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Cited by 26 (12 self)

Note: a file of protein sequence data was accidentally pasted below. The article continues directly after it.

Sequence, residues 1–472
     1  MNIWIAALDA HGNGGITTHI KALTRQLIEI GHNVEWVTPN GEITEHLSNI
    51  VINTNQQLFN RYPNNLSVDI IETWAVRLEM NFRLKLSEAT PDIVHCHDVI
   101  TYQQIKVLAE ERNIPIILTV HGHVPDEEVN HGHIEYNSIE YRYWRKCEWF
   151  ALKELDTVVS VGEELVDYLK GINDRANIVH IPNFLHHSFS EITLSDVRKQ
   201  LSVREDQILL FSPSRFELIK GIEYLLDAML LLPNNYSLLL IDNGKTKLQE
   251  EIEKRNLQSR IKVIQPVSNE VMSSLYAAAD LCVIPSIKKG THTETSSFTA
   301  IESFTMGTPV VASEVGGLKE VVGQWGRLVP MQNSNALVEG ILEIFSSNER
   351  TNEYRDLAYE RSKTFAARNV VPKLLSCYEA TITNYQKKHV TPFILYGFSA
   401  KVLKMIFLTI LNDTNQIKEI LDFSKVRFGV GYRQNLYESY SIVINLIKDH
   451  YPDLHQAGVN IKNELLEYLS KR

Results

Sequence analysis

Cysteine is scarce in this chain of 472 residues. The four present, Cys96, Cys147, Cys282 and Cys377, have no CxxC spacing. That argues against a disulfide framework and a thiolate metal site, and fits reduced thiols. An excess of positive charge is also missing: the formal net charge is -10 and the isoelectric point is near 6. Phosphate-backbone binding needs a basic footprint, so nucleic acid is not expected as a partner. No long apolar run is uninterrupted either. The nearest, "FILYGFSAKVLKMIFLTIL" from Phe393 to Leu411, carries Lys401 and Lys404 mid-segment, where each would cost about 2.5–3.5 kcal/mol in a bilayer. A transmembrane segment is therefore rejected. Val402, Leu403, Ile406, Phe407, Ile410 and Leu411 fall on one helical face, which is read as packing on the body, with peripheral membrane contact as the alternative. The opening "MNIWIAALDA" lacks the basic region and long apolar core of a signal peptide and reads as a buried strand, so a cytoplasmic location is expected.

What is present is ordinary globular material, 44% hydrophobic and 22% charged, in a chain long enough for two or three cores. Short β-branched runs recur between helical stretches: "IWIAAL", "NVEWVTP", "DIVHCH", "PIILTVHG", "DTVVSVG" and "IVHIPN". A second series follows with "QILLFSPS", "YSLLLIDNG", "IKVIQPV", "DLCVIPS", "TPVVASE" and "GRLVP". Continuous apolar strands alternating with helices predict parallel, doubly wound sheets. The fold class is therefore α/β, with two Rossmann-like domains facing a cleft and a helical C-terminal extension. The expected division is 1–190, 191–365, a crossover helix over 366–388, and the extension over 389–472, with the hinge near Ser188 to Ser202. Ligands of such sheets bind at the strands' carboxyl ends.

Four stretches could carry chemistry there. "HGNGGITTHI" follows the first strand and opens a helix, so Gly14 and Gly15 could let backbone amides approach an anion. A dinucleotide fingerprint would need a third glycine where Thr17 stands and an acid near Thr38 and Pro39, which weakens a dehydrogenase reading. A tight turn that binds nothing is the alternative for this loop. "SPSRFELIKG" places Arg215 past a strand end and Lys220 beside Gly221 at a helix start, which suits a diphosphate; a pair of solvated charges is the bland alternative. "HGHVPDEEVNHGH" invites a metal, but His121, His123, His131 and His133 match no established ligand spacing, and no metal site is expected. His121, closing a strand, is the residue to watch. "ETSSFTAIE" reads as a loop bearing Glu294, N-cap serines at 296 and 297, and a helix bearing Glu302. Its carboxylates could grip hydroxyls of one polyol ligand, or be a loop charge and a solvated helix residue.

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Dynamic programming is an important algorithm design technique. It is used for solving problems whose solutions involve recursively solving subproblems that share subsubproblems. While a straightforward recursive program solves common subsubproblems repeatedly and often takes exponential time, a dynamic programming algorithm solves every subsubproblem just once, saves the result, reuses it when the subsubproblem is encountered again, and takes polynomial time. This paper describes a systematic method for transforming programs written as straightforward recursions into programs that use dynamic programming. The method extends the original program to cache all possibly computed values, incrementalizes the extended program with respect to an input increment to use and maintain all cached results, prunes out cached results that are not used in the incremental computation, and uses the resulting incremental program to form an optimized new program. Incrementalization statically exploits semantics of both control structures and data structures and maintains as invariants equalities characterizing cached results. The principle underlying incrementalization is general for achieving drastic program speedups. Compared with previous methods that perform memoization or tabulation, the method based on incrementalization is more powerful and systematic. It has been implemented and applied to numerous problems and succeeded on all of them. 1